My husband and I met 20 years ago at Gucci, and we’ve been married for 16. Together we have three children – two boys and a girl: Barron who is 13, Snowden who is ten, and our little girl Wallis who is five. I always knew I wanted a family, but I have to admit, when it came to it I was worried having children would cramp my style.
Having children just felt like a huge change. In fashion – the industry I worked in at the time – there were very few examples of women making a career and family life work. Honestly, back then, being a mum did not equate to being successful at work and there was a lot of pressure to keep that part of your life hidden. By that, I mean lose the baby weight, breastfeed or pump on your own time and not bring children to events or into the office. Thankfully, things have changed a lot since then.
Being a mum was the best thing that ever happened to me. In truth, I didn’t expect to fall so madly in love with my first son, Barron – so much so, I would have had a third baby sooner and possibly a fourth after that, but my husband wanted a break. I was 41 by the time I gave birth to our third, Wallis. In the end, you have to believe the universe gives you what you need.
My first pregnancy was absolutely terrifying – I don’t think I slept for the first six months. The thought I kept having was: what have we done? But the second I held that little boy, I was besotted. I was also really lucky that all my pregnancies were straightforward. I was only ever sick with Wallis, but people say that can happen with girls – and if you’re older, too.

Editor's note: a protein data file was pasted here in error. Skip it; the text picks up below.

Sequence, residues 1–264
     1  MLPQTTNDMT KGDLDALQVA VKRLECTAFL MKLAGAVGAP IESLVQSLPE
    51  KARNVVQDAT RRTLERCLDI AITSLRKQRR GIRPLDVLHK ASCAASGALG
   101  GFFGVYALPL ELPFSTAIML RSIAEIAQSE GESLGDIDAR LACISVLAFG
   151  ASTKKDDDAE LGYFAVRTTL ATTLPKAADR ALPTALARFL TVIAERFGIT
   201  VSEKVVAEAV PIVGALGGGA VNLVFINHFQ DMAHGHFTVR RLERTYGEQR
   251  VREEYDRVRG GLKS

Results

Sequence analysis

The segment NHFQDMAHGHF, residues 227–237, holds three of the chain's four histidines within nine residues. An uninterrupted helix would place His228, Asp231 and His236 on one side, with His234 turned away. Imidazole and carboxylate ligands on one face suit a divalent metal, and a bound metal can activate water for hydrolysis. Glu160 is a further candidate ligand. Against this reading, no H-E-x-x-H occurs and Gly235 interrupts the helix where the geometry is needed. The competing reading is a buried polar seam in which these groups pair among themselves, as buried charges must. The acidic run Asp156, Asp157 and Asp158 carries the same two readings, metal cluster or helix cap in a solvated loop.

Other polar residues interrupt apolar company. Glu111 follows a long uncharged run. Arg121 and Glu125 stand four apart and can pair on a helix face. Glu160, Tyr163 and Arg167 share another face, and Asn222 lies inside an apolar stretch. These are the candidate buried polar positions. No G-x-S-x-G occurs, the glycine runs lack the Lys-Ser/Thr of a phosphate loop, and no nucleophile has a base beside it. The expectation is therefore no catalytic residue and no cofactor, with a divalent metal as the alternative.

I also felt very anxious about the prospect of labour first time round. In fact, I was so worried I asked my doctor for a caesarean at 10 weeks. She said she thought it was a good idea because she could tell how nervous I was. I never had any doubt it was the right path for me – all three of my children were born via elective caesarean. With Barron, the umbilical cord turned out to be tangled around his neck, so a normal birth would have been very complicated anyway – it could have ended up with the baby in a lot of distress. Talk about kismet!
It was really hard having a third baby at 41. You hear of women falling pregnant later in life all the time, but the truth was I had three miscarriages and did IVF for two years before falling pregnant with Wallis. We were lucky to be successful on our first round, but I wish I could have told myself how difficult it would be. In my opinion, glossing over this reality does such a disservice to younger women who choose to put off having kids.
For me, IVF felt very empowering. I’m a determined person and was sick of leaving things up to fate. I took control of something which appeared to be out of my hands. When it comes to fertility struggles, many women feel so helpless – I can’t imagine what it would have felt like if IVF hadn’t worked for us.